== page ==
The president of Chile and Bolivia (one miner was from Bolivia) were there not for the glory but real leaders, lead by example. The photo ops happened of course they do, but for the right reasons.

The winners

The family and miners, the Chilean government for it showed the world how to deal with a crisis, the mine for it has been able to maintain its reputation of taking care of their own and lastly the people of Chile, for they have a restored hope in hope.

The losers

The media that played to the drama of the one miner who had a mistress. This was noise for the west and irrelevant to the event. Big mining companies who freely admitted prior to the extraction that it could not be done and they would never take the risks. The only risks they wouldn't take was to their back accounts. It was a sad statement from some of the largest mining companies and the some of the larger mining labour groups.

In conclusion

The Chilean leadership based approach pre, during and after the incident if applied to the BP incident would have had a better ending for all parties. If the BP management approach had been applied to the Chilean incident, families would have been given compensation payments in front of the media and a tombstone at the base of the mine to lay claim to 33 dead miners.

We as a society need to promote and demand leadership. Our people in leadership positions today are so concerned with management of numbers, expectation and the next poll or quarter that they have missed the bigger opportunities.

This is being echoed by governments and what the media is trying to call national debates. We need real discourse and engaged communities not people who are being managed (read manipulated) by 30 second sound bites.

In the technology field this is such an easy trap to fall into. Groups will hide behind management decisions and chase the new shiny tool instead of making the current ones work effectively and with purpose.

You lead from the front and with you head held high. Build a strong team that is armed to execute plans and to be creative to gain a better end result. The more we allow basic management to prevail, the softer and less competitive we all become.

Thursday, September 23, 2010

Detention time verses dwell time

Recently, I was asked to explain the difference between dwell time and detention time.  This is a common question that plagues the transportation industry and as such there is likely more than one explanation.  Here is how I explained it.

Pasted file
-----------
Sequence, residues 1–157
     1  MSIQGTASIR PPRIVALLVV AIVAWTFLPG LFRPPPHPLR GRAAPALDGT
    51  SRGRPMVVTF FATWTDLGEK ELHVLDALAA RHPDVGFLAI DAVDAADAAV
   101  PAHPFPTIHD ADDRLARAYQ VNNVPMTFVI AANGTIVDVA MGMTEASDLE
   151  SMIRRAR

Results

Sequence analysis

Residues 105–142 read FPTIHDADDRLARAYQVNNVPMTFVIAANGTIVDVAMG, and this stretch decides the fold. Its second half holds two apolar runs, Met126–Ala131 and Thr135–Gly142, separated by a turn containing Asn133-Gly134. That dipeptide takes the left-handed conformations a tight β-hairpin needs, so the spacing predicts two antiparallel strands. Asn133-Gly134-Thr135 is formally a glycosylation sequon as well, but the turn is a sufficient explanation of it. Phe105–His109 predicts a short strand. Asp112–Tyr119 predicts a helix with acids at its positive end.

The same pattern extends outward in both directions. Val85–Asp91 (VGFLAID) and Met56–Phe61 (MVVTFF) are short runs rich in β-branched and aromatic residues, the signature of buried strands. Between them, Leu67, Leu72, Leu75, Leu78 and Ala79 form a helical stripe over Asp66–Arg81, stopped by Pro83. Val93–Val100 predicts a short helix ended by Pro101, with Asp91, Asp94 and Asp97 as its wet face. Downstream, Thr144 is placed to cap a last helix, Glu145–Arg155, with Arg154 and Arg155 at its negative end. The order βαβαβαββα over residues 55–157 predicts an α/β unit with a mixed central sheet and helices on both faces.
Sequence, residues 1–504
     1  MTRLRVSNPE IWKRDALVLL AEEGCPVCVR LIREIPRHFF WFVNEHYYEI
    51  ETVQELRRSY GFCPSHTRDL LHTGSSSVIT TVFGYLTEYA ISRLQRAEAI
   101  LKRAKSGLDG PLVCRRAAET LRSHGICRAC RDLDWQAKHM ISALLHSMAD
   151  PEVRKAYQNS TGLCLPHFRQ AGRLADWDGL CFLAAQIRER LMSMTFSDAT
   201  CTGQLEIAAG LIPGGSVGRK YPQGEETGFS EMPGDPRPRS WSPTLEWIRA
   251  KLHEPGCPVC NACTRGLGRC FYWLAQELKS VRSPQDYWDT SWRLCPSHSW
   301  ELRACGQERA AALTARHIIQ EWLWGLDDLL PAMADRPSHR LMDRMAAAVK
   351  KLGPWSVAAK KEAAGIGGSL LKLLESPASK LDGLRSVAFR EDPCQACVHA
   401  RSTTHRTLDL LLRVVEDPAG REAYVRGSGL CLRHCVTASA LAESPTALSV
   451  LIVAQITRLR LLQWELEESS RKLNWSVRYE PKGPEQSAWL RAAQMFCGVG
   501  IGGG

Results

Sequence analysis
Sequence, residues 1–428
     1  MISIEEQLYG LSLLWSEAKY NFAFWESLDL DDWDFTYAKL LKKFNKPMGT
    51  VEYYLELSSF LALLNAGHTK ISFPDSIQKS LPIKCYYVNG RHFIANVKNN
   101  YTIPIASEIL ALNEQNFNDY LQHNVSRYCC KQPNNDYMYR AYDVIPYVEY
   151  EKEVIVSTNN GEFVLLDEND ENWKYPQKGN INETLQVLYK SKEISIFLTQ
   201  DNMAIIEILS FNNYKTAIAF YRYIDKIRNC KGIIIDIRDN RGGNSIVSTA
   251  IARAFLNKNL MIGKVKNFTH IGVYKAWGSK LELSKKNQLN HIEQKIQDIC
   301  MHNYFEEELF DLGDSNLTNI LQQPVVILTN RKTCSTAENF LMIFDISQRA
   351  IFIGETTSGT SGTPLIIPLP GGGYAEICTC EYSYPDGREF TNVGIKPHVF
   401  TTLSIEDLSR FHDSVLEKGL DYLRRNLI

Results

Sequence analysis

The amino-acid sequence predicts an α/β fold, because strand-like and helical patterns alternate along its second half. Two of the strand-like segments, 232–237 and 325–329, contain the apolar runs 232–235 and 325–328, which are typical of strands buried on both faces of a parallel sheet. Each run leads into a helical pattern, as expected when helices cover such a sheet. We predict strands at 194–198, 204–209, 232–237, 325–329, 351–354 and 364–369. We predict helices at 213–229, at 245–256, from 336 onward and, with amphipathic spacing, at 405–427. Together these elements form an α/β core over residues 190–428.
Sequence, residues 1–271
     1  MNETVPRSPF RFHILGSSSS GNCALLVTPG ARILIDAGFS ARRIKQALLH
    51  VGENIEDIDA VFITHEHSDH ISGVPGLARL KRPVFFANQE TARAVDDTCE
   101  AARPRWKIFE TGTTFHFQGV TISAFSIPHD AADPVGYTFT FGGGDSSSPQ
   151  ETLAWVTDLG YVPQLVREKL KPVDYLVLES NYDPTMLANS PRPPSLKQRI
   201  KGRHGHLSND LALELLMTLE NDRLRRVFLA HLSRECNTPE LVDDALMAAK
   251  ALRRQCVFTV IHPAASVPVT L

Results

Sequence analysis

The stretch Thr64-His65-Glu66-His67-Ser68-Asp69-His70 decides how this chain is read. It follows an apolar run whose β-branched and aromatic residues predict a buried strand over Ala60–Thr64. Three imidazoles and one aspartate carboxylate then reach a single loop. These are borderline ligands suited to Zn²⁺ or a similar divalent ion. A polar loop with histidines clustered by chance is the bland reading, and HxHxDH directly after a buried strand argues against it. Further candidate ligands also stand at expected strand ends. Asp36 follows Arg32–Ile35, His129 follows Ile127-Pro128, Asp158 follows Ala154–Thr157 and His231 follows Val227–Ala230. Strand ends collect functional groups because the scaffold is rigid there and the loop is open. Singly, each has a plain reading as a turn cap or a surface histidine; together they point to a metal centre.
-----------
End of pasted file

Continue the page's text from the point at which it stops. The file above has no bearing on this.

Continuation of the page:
The first question that some of you will ask is why is this even a discussion?  The answer in the transportation industry is that you generally only get paid when assets are being utilized.  The challenge becomes knowing what has moved to make money and what has just moved in general.
For the purposes of this discussion the following definitions are required for the reader to continue.
Detention Time
detention Time graphic
This is the calculation that something has actually physically not moved.  This uses the specific latitude and longitude reading of a GPS device and checks to see if the asset actually moved.  This can be very helpful to find assets that are “static” regardless of where they are.  An example of this is a dropped trailer that has been forgotten or that has been abandoned by a tractor. 
1) See what is actually not moving, literally.
2) Find misplaced or static assets regardless of where they are suppose to be.
The biggest challenge is to account for GPS drift.  GPS drift is when the latitude and longitude can shift due to GPS tracking precision.  GPS location is based on triangulation.  As the number of satellites change over time the accuracy of the latitude and longitude can vary.  This is called drift.  The 4 decimal place precision is roughly 11 meters.  What this means is that over time a very static GPS location device could look like it moved up to 11 meters and it did not actually move.  This is addressed by using math to account for the drift and then comparing the results against a drift algorithm.  The answer will come back with it did or did not move + or – of the drift value.